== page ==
modifying the first data packet to a second data packet to be sent via a second network being based on a second transport protocol, a second transport security protocol being applied on top of the second transport protocol, the first transport protocol or the second transport protocol is a datagram based network protocol and the other one of the first transport protocol or the second transport protocol is a reliable connection oriented transport protocol,
sending the second data packet via the second network,
receiving the second data packet,
reconstructing a header of the second data packet received from the intermediate device such that the header corresponds to a header of the first packet,
generating a security verification field for a third data packet, the security verification field being generated on basis of the reconstructed header of the first data packet and being generated in accordance with the first transport security protocol,
sending the third data packet via the second network.
Description
    FIELD OF THE INVENTION
  • [0001]
    The invention relates to methods, devices and systems for establishing end-to-end secure connections in situations where multiple security protocols are being used, such as, for example, the Transport Layer Security protocol (TLS) and the Datagram Transport Layer Security protocol (DTLS).
  • BACKGROUND OF THE INVENTION
  • [0002]
    The Internet of Things (IoT) denotes the interconnection of highly heterogeneous networked entities and networks following a number of communication patterns such as: human-to-human (H2H), human-to-thing (H2T), thing-to-thing (T2T), or thing-to-things (T2Ts). The term IoT was first coined by the Auto-ID center in 1999. Since then, the development of the underlying concepts has ever increased its pace. Nowadays, the IoT presents a strong focus of research with various initiatives working on the (re)design, application, and usage of standard Internet technology in the IoT.
  • [0003]
    The introduction of IPv6 and web services as fundamental building blocks for IoT applications promises to bring a number of basic advantages including: (i) a homogeneous protocol ecosystem that allows simple integration with Internet hosts; (ii) simplified development of very different appliances; (iii) an unified interface for applications, removing the need for application-level proxies. Such features greatly simplify the deployment of the envisioned scenarios ranging from building automation to production environments to personal area networks, in which very different things such as a temperature sensor, a luminaire, or an RFID tag might interact with each other, with a human carrying a smart phone, or with backend services.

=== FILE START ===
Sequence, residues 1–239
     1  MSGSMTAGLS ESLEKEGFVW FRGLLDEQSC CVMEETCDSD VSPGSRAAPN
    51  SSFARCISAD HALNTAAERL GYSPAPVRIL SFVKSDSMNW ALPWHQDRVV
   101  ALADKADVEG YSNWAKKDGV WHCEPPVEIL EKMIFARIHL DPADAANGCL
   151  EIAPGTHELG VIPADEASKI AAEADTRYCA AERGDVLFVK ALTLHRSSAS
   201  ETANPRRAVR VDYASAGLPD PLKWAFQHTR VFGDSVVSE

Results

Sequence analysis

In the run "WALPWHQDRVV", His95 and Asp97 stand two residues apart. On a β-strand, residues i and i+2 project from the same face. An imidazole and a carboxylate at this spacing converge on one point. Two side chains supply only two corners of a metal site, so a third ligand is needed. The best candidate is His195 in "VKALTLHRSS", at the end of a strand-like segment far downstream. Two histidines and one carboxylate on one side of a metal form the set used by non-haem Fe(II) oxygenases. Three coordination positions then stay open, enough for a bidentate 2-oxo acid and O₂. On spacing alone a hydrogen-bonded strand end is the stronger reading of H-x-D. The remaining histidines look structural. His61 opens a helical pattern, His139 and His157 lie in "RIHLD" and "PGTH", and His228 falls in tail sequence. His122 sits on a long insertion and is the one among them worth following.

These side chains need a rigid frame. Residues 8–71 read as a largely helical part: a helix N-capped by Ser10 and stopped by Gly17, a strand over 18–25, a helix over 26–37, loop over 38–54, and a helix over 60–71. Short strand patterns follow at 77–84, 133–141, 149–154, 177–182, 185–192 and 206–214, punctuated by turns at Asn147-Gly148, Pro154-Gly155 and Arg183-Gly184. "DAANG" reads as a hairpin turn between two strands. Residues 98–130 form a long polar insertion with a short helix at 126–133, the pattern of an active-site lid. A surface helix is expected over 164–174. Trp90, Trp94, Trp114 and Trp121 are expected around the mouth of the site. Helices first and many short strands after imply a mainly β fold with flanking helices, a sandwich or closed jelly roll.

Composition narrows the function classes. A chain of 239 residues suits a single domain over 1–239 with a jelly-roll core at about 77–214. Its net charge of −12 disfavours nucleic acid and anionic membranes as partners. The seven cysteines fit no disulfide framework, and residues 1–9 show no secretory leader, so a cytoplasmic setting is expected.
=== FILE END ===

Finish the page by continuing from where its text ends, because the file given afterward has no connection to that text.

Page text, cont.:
• [0004]
    In this setting, a number of IETF working groups are designing new protocols for resource constrained networks of smart things. The 6LoWPAN working group concentrates on the definition of methods and protocols for the efficient transmission and adaptation of IPv6 packets over IEEE 802.15.4 networks. The CoRE working group provides a framework for resource-oriented applications intended to run on constrained IP network (6LoWPAN). One of its main tasks is the definition of a lightweight version of the HTTP protocol, the Constrained Application Protocol (CoAP), that runs over UDP and enables efficient application-level communication for things.
  • [0005]
    These new protocols are going to enable many different applications including Building Automation Control (BAC), Health monitoring, Smart Energy, etc. In this setting, end devices (such as actuators or sensors) forming a 6LoWPAN/CoAP network will be used for real time monitoring or control of physical parameters and appliances. In the case of BAC, an actuator might be a luminaire and a sensor, a light sensor and the luminaire might access the resources of the light sensor adapting its light settings. Another scenario refers to that one in which a CoAP device (e.g., a client) located in the backend, i.e., outside the 6LoWPAN/CoAP network accesses the resources of a device (e.g., a CoAP server) in the 6LoWPAN/CoAP network over a 6LoWPAN Border Router (6LBR) that interconnects the Internet with the 6LoWPAN/CoAP network. Such an access can be required to obtain specific resources or to push some specific configuration from the backend to the CoAP device in the 6LoWPAN/CoAP network.
  • [0006]
    Security is a key aspect for the above application areas and use cases. A particular goal of security is the provision of basic security services such as confidentiality, authentication, or freshness between two devices. In the case of using symmetric-key cryptography, this pair of devices shares a common master key that is used during a common handshake for mutual authentication and derivation of a secret session key. This session key is used together with a cipher suite to provide the above security services in the exchange of information between the two devices. A similar handshake can also be performed by means of asymmetric-key cryptography.